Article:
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Slower than Christmas

Slower than Christmas

Waiting for promises to become realities

Advent starts early at my house, usually well before Thanksgiving. Some gray afternoon in fall, after the first icy weather blasts us unequivocally out of the bright half of the year and into the dark, I get out our pile of Christmas cds to play the first carols of the season. For my daughters, the cds initiate the heady period of joyous waiting that culminates in Christmas morning. They dictate our choices, insisting on Bing Crosby's happy tunes instead of the gloomier ones—like Amy Grant's "Breath of Heaven" and Pedro the Lion's halting "I Heard the Bells on Christmas Day"—already lined up in the cd player when they get home from school.

"Why do you want to listen to songs like that?" they ask me, as they eat their after-school snacks and flip through bright-colored Christmas catalogs, getting ideas.

They don't want to hear about the miseries that revisit me this time of year—events so distant in my murky past that I should have long since forgotten them. The Christmas my mother got so crazy we finally figured out she had something seriously wrong with her, which turned out to be a brain tumor. The Christmas in grad school when I was held at gunpoint and sexually assaulted. The Christmas of 2001, when, still shuddering after September 11th, the buried traumas of my past resurfaced, all at once, and turned into the yearly bout of depression I've had to deal with ever since.

Soon, I think, looking over my daughters' hunched backs, they'll be directing my attention to recipes for yule logs and stained-glass window cookies. Soon, Lulu will construct her want list, with different colors and fonts and annotations indicating what's most important and where things can be found. Soon, Charlotte will be begging me to take her clothes shopping. 

From toddlerhood, my daughters have thrown themselves bodily upon my husband and me in our bed on Christmas morning, the only day of the year when they get up before us. Even as teenagers, not far from adulthood, they're utterly unburdened by the season's stresses and unacquainted—God be thanked—with any of the disasters that revisit me at Christmastime. For them, Advent is entirely a forward-looking time, all about the wonderful joys to come—gingerbread houses, presents, new clothes, snow. It's a month of anticipation so giddy and pleasurable it can hardly be called waiting.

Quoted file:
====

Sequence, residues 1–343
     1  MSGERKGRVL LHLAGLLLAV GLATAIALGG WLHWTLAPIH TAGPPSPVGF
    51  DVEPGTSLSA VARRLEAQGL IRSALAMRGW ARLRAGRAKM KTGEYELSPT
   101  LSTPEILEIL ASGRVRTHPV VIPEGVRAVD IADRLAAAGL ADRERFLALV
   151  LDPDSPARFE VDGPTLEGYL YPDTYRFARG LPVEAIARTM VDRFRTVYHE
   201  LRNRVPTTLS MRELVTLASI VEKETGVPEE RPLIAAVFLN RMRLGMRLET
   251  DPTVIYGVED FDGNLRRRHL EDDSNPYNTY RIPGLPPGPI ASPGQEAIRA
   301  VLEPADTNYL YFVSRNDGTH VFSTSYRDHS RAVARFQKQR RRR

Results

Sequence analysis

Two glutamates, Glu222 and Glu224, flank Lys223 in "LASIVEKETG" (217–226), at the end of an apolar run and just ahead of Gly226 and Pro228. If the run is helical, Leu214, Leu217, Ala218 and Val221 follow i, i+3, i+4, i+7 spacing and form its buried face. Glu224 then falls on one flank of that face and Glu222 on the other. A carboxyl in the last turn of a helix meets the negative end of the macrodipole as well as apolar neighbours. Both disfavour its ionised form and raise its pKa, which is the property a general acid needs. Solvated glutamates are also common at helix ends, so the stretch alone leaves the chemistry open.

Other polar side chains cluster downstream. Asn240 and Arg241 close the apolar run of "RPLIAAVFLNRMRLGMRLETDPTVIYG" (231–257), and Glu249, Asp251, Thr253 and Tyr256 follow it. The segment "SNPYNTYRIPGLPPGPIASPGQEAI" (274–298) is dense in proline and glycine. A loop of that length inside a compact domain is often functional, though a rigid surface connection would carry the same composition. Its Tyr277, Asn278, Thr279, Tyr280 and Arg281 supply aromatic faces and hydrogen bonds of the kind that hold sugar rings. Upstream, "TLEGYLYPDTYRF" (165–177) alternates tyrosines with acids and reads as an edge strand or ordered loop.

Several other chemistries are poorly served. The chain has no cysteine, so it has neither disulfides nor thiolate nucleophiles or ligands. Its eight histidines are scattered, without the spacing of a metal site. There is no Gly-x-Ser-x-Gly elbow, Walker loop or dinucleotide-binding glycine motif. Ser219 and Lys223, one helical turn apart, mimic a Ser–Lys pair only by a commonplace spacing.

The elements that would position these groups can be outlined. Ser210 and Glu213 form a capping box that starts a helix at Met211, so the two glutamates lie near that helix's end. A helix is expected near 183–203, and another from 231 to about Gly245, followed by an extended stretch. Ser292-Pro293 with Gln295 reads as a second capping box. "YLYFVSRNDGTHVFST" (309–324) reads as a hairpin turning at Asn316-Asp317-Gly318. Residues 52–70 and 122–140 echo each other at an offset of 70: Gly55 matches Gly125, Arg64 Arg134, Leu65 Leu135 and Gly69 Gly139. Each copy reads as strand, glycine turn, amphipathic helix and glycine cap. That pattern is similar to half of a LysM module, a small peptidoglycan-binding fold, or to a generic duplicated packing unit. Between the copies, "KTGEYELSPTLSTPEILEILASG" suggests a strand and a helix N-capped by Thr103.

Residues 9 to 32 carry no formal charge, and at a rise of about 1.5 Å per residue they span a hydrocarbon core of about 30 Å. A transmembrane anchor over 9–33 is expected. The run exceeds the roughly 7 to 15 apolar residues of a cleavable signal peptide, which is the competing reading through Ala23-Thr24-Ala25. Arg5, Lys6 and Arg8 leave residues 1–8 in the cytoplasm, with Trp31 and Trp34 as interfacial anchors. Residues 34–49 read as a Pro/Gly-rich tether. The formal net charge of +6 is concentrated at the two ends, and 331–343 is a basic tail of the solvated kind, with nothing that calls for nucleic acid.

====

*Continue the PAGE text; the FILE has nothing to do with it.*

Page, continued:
For me, though, the waiting is complicated by anxiety and doubt. Will joy ever come? I wonder. At some point, it generally does. Sometimes a song at church cheers me, or an act of kindness from one of my daughters. Once, it was the hilarious moment when, while decorating our tree, we discovered my previous year's present from my mother-in-law, two folded up hundred dollar bills, inside a little box-shaped ornament we hang on a prominent branch every year for that purpose. Until that moment of turning, though—indeed, throughout most of Advent—a single word prayer inhabits my consciousness: Come!

The Prayer of Waiting

Recently in my work as an English professor, I discovered that Jacques Derrida, an atheist philosopher famous in my field, secretly prayed the same prayer throughout his life: "Come!" Emphatic, hopeful, almost despairing, near to rejoicing, the word come is a prayer of many dimensions, as readily the rhetorical entreaty of the skeptic—Come, and then I'll believe—as the impatient plea of the devout. The earliest Christians, living under a death sentence for their faith, prayed in Aramaic, "Come, Lord!"—Marana tha! And John, writing of the risen Lord's repeated promise that he would come soon, closed Revelation with the same prayer:

The Spirit and the bride say,
"Come."
And let everyone who hears say,
"Come."
And let everyone who is thirsty come
Amen. Come, Lord Jesus!
—Revelation 22:17, 20 (NRSV)

"Come!" is the central prayer of most carols, from "O Come, O Come Emmanuel" and "Come, Thou Long Expected Jesus!" to "Come All Ye Faithful!" and "Joy to the World! The Lord Is Come!" In them, the word come references both the millennia of affliction and longing that preceded the Messiah's birth and the invitation, issued to those still yearning in the millennia that followed, to but come to the baby in the feed-trough and be fulfilled.

For the believer, "Come!" is the quintessential prayer of waiting, a conscious act of faith that our current unhappiness will end: God's plan will prevail, and the angels' promise of "great joy for all the people" (Luke 2:10, NRSV) is available—despite evidence to the contrary—right now.